Daily Lives of Middle Eastern Women in the School, the Home, the Harem, and Everywhere Else—Marie Grace Brown
For those who haven't studied the Middle East, the historical lives of women there can be thought to be a black hole: no information available about those who were thrown under a burkha and locked up at home or in a harem. Never mind that few women wore the clothing of modern-day Saudi Arabia in the past; women had vibrant lives there regardless of social restriction. Even in the harem, ostensibly most restrictive place in the pre-modern Middle East, women ironically could exert more power than anywhere else. In fact, if you wanted to rule an empire through your weak-minded husband or son, there was no better place to be. To discuss these issue I am joined by Marie Grace Brown, professor of history at the University of Kansas. She is a cultural historian of the Modern Middle East with a special interest in questions of gender and empire. Marie does a great job of making academic concepts about Westernization vs. modernization accessible to a non-scholarly audience. But we don't get too scholarly. At one point I ask her how she would take over the Middle East as a woman in the pre-modern world. Her award-winning book, Khartoum at Night: Fashion and Body Politics in Imperial Sudan (Stanford University Press, 2017), traces gestures, intimacies, and adornment to give a history of northern Sudanese women’s lives under imperial rule.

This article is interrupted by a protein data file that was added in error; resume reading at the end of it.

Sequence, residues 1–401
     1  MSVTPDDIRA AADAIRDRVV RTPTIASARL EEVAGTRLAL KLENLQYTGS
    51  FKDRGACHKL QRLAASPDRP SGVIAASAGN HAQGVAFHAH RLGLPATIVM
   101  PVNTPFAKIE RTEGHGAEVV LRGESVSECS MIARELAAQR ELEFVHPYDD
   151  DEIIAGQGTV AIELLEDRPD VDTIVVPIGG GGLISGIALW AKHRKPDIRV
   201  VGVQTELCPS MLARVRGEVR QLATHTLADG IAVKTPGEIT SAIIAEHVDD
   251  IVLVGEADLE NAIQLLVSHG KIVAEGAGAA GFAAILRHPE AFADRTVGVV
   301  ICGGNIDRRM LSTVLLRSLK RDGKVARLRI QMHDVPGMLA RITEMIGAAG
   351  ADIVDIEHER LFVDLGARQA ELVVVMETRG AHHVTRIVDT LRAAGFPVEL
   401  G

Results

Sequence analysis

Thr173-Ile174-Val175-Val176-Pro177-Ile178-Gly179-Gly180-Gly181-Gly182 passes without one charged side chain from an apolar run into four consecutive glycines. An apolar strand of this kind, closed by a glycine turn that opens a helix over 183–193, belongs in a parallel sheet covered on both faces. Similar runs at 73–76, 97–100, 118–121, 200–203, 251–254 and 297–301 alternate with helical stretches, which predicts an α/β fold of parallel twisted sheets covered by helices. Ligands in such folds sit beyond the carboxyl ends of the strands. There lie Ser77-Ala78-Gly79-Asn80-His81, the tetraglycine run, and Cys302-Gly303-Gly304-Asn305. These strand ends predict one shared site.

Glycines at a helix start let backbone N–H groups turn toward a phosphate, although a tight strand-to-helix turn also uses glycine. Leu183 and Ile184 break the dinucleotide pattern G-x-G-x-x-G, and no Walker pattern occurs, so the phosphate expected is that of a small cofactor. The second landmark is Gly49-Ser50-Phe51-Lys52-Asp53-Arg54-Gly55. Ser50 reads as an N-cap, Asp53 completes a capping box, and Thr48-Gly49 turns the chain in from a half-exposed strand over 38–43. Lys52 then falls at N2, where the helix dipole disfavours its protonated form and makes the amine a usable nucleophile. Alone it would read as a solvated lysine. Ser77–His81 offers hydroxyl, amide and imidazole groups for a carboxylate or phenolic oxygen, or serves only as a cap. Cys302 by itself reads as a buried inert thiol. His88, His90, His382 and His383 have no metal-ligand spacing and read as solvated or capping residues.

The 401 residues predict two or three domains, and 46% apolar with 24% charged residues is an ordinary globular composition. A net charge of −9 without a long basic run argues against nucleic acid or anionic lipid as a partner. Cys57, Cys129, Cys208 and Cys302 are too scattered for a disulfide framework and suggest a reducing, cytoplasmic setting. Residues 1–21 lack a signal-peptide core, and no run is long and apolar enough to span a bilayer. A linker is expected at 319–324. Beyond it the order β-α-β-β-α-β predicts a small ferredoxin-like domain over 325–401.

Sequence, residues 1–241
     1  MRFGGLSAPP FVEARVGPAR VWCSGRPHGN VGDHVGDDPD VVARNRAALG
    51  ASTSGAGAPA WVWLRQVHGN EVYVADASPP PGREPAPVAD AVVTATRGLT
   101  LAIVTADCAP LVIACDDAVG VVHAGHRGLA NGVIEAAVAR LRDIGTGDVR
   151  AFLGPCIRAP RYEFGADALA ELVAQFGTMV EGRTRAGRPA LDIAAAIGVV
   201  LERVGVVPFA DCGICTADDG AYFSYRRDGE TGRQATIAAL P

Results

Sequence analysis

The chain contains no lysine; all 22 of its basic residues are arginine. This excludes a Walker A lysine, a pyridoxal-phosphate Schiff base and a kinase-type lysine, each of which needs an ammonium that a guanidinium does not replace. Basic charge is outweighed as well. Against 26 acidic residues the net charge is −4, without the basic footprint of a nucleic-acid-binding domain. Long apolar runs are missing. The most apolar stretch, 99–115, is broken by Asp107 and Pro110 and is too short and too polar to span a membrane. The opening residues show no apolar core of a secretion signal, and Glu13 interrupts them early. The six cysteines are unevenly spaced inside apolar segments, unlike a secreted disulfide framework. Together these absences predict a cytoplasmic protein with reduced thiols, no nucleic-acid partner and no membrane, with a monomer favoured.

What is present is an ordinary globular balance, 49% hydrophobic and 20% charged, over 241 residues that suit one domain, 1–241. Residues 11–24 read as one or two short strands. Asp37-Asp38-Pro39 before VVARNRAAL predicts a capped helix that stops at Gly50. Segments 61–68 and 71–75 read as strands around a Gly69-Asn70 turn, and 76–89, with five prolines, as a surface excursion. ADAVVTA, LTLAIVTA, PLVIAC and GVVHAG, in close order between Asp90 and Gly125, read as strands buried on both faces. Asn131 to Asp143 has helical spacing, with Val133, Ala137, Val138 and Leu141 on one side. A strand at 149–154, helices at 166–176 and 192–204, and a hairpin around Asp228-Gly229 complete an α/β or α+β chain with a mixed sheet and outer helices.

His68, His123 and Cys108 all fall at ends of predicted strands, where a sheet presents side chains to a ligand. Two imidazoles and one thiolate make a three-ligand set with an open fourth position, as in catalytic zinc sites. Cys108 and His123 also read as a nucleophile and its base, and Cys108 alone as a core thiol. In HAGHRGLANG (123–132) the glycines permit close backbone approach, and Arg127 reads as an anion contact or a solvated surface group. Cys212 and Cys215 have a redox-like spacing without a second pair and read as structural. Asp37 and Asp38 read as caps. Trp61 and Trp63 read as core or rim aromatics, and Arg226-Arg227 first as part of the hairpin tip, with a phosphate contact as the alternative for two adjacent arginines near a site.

March 20, 2018
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